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09 May 2007

The analytical environments of others

The distractions of working in compressed, Dilbert-like cubicle farms in decaying buildings managed according to bureaucratic concepts of efficiency are well known, both inside and outside government. The intelligence community is suffering these effects more than most – and the effects on individual analyst performance are even more pronounced given the nature of the work, than in say the office of the second special assistant deputy undersecretary for agricultural subsidy ecological diversity and sustainability assurance.

Even the newest construction in essentially amounts to converted warehouses stacked with ranked cubes, or the sardine like rows of the typical watch floor (elaborate set design variants aside.) These are not environments naturally suited to creativity or contemplation.

This is a debate within the IC as old at the dot com era, however. We have seen attempts to impose every conceivable variant – from hoteling and hot-desking to flex space and bean bag chairs. Few have endured (although we occasionally miss the billiards and foozeball tables).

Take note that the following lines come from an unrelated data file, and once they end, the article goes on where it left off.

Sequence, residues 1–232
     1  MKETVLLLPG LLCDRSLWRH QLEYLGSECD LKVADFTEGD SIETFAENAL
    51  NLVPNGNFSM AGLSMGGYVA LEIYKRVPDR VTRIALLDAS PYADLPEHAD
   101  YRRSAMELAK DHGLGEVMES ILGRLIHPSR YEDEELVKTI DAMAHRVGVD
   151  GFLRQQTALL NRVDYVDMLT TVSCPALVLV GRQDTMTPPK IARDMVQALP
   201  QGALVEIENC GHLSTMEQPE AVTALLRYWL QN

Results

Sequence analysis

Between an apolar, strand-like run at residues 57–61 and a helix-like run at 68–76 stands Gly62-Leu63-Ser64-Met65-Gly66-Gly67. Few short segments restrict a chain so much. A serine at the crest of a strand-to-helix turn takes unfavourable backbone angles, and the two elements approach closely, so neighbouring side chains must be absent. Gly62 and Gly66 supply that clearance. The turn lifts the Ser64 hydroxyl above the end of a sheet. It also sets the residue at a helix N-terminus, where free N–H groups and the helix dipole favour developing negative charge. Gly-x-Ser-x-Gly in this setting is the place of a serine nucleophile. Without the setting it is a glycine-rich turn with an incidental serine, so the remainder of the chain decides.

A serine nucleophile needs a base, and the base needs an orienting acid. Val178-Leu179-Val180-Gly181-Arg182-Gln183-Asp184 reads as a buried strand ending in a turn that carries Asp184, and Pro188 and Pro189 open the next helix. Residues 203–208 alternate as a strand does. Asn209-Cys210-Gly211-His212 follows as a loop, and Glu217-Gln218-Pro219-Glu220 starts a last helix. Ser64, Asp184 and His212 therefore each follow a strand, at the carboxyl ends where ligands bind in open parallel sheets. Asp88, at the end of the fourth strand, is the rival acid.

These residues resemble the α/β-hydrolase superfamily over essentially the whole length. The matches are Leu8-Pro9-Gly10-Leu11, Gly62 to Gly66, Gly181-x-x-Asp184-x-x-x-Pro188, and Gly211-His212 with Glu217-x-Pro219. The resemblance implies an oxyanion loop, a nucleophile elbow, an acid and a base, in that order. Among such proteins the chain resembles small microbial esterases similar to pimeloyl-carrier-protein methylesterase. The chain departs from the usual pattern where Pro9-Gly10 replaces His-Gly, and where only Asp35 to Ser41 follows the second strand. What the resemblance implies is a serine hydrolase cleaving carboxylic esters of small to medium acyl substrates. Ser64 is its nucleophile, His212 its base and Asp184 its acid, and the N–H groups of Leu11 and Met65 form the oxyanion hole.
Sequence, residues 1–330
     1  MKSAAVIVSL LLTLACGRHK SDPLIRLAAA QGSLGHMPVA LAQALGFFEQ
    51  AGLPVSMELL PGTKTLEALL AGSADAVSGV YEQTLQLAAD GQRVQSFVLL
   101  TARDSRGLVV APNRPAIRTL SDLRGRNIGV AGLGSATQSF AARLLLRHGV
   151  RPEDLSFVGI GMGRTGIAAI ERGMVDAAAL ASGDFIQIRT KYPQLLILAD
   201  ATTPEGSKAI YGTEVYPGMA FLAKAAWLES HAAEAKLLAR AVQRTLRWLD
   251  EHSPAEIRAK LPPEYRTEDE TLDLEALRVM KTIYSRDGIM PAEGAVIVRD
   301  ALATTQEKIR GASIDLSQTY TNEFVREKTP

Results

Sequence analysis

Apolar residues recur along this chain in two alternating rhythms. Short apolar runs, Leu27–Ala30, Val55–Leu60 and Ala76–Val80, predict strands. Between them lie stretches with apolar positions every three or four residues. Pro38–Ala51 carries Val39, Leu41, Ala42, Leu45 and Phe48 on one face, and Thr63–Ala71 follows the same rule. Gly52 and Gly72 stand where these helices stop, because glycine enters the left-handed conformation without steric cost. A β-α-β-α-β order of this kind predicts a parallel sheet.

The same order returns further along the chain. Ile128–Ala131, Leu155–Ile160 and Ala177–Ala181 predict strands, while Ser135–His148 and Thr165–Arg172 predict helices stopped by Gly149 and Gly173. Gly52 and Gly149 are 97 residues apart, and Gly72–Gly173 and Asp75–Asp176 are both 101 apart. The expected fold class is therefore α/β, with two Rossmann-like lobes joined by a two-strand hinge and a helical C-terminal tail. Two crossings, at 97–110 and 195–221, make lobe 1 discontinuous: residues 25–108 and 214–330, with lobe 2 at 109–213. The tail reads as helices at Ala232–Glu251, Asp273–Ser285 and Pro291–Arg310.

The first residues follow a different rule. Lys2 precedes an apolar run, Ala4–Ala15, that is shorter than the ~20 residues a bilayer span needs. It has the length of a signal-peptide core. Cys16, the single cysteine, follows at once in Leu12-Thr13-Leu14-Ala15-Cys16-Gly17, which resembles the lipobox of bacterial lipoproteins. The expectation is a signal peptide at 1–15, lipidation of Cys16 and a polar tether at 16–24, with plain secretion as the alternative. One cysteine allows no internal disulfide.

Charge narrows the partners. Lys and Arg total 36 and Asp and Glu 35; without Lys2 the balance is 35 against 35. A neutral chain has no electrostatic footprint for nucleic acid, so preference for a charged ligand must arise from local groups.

The high pace of deployments during the Long War have stripped us of the need for many of these externalized trappings that were once associated with energetic, productive shops. The best work of our lives, and of many of our counterparts, has been done in hellholes and safe houses scattered around the globe – and it goes without saying that none of these have air conditioning, and occasionally, not even working electrical systems or running water. (Although we certainly do not miss the terrible design aesthetic of Ba’athist marble monstrosities.) Perhaps this is not the way of life many of us would wish to lead – in fact, these experiences have greatly inculcated in many a deep longing for the quiet wood and leather atmosphere of many traditional academic settings. But this is the nature of the thing, it seems.

It is thus with some interest we follow the efforts of other highly intellectual professions to create the ideal environment for the incubation of brilliance. We are particularly interested in the rapid construction, pre-fab style highlighted here by Future Now – and we note markedly the contrasts to the other related regional facility they recently profiled.

For what it matters, we do believe that the analytical workforce benefits from a better environment than is typically found in most community facilities – overseas or domestic. But our adversaries and emerging competitors are nowhere near as pampered. It is something to keep in mind the next time facilities reorganization comes up for discussion.

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